The 75th anniversary of D-Day was moving and made me appreciate the power of history. This week we will examine the history of the wealth advisory business.  As is the case with any history, there are some good items we need to remember and several we don’t want to repeat. This is easier said than done but History can be our helpful guide.


The statistics and photographs of D Day evoke many feelings.  The soldiers were BRAVE but the mission was satistically doomed.  What can we learn from their experience.  I vacillate between anger and awe.  My hope is that we leverage our young to help our country move forward.  Youth has energy and is full of new ideas.  We need to provide them experienced information and engage in honest conversations that allows each generation to avoid the statement of “they don’t get it”.  History can only help us if we share accurate information about our past.

Legacy Systems

Change is difficult.  A recent article in The Wall Street Journal summarizes the problems established law firms are having getting their senior attorneys to use new technology solutions.  We are experiencing similar challenges in the wealth advisory business.  As the industry ages, the average professional is over sixty years old, we need to avoid falling back on familiar solutions.  Experienced advisors that arrived with a CPA use insurance and experienced advisors that arrive from Wall Street believe they can identify stocks that will outperform the stock market.  A student of history will realize that both approaches do not work.  Hopefully new educated advisors will provide a better solution.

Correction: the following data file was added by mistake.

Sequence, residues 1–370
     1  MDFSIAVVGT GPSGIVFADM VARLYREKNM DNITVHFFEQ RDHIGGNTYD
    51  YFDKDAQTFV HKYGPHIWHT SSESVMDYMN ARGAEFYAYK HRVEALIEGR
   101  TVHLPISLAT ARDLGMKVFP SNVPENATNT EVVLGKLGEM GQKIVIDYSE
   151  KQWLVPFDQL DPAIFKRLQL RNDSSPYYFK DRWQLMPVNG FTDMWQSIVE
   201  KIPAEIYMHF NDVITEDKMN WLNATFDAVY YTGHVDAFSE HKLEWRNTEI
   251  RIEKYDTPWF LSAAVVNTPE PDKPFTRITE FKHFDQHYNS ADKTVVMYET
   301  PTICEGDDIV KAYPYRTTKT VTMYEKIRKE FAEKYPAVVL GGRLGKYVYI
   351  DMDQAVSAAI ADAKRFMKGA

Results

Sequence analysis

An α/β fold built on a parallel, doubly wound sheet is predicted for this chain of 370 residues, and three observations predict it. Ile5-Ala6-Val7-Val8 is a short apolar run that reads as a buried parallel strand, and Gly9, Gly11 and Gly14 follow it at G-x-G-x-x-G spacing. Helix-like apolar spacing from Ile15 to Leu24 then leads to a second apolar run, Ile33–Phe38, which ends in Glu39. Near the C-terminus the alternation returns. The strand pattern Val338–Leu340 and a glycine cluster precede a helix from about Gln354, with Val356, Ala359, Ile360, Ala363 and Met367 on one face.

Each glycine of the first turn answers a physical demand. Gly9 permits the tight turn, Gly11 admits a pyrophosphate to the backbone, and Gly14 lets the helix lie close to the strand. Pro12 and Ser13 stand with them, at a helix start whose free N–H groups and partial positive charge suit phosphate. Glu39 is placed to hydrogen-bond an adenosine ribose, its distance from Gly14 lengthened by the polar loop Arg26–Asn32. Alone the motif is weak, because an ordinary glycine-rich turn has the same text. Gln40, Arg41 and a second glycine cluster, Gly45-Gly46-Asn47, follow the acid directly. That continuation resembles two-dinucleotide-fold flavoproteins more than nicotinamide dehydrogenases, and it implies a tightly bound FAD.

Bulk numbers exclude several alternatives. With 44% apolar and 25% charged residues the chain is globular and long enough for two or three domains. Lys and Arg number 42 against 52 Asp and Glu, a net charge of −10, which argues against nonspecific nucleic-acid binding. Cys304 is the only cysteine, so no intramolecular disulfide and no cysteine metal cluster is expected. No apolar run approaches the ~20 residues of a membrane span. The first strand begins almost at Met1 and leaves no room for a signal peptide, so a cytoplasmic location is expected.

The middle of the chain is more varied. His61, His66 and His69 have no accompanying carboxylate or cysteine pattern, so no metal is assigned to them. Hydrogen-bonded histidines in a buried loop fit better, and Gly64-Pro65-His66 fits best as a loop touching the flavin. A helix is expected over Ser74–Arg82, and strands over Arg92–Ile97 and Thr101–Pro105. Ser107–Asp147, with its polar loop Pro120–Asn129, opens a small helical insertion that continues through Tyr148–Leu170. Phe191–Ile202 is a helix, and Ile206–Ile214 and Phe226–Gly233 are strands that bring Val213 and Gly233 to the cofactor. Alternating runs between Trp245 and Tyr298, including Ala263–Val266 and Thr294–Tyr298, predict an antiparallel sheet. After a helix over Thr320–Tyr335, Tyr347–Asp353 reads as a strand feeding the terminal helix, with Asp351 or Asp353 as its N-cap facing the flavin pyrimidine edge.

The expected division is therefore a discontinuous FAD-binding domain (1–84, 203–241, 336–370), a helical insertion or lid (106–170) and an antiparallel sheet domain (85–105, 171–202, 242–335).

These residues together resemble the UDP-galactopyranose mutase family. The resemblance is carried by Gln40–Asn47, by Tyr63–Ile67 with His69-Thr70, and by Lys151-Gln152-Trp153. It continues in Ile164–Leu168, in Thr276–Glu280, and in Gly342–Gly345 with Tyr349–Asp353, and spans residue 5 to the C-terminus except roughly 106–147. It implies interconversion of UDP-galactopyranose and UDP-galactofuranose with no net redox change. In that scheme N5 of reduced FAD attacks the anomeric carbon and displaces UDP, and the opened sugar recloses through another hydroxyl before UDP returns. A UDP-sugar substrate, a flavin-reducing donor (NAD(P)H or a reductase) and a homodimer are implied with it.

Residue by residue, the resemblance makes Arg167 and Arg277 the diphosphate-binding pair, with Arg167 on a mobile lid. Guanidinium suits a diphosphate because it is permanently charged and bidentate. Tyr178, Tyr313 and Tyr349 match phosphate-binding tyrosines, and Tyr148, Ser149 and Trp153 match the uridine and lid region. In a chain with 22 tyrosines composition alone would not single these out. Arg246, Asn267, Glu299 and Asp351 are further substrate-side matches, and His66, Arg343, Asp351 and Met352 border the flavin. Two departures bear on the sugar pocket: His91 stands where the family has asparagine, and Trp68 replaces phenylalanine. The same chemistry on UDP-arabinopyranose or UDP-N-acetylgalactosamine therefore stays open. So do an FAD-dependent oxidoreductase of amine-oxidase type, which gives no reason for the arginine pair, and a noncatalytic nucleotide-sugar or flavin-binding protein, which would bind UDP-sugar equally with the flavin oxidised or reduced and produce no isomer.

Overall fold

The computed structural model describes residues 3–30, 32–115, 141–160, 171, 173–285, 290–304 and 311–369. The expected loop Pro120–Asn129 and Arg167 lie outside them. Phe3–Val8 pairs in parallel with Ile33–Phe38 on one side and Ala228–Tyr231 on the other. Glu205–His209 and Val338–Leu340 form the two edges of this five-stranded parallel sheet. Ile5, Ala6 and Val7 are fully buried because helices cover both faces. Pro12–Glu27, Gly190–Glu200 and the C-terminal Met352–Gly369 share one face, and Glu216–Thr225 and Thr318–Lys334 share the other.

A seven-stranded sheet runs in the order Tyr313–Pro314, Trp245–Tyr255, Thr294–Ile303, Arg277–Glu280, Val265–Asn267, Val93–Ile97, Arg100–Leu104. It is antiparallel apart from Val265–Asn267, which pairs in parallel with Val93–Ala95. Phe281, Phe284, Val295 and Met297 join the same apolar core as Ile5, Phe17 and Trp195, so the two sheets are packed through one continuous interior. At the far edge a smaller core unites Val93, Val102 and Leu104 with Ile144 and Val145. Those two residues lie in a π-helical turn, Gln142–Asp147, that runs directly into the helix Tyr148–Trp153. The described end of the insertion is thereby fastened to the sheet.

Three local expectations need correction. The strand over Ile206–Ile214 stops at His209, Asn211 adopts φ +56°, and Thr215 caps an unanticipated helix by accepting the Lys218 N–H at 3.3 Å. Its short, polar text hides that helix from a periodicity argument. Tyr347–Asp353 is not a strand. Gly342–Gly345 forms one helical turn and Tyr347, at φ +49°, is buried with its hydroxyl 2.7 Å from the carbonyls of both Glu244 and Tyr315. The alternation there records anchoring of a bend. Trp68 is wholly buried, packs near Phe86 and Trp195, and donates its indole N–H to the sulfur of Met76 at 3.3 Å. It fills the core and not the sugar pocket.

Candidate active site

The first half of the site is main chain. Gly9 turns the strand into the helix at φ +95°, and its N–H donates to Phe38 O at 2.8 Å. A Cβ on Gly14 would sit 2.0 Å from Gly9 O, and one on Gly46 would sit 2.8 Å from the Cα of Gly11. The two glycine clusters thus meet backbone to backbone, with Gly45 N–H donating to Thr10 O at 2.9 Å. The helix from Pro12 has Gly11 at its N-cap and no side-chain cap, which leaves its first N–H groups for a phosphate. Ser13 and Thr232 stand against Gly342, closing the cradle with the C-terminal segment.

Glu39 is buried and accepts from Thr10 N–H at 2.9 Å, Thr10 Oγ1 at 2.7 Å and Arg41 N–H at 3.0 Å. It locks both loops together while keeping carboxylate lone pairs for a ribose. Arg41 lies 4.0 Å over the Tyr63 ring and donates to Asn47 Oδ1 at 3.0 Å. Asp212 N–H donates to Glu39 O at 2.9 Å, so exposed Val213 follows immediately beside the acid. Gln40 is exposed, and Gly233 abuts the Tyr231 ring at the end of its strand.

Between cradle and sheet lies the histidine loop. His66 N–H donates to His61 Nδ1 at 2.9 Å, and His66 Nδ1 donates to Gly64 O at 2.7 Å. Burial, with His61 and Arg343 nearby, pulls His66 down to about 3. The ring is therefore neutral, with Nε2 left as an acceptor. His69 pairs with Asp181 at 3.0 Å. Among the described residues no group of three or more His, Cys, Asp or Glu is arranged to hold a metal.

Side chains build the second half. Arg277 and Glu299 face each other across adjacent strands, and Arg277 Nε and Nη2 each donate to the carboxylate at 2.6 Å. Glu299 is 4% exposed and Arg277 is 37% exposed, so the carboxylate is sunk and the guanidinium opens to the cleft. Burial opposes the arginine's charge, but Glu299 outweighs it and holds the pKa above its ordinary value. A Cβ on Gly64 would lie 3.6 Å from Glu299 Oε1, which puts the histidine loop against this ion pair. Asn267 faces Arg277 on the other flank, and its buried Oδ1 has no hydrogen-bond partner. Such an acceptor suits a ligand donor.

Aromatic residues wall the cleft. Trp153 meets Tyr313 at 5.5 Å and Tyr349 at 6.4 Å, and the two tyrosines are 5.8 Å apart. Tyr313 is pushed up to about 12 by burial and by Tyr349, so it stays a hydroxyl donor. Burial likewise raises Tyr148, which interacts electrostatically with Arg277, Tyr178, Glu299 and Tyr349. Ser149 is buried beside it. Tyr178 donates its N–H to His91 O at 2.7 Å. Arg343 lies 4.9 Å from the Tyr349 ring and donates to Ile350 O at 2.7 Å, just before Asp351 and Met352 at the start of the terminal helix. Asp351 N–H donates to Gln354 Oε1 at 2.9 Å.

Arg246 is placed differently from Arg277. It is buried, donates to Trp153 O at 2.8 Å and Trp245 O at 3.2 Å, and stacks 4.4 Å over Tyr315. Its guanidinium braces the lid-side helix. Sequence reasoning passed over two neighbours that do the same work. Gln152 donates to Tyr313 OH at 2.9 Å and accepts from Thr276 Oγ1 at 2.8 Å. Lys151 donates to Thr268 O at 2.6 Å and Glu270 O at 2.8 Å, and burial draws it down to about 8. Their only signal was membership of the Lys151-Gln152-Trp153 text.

Next Chapter 

The independent advisory business continues to evolve and improve.  Learning from what worked in our history and what didn’t work is essential.  When we meet advisors and firms that honor their history but are always are looking for tools that improve their service, we will know we have found a good match.  These improvements take time but clients and advisors should continue to look. Bravery remains an essential trait for soldiers and character and competency will remain essential for advisors.

 History does NOT repeat itself, but it rhymes.  Wealth advisory firms should be looking for words that rhyme with “heart”.


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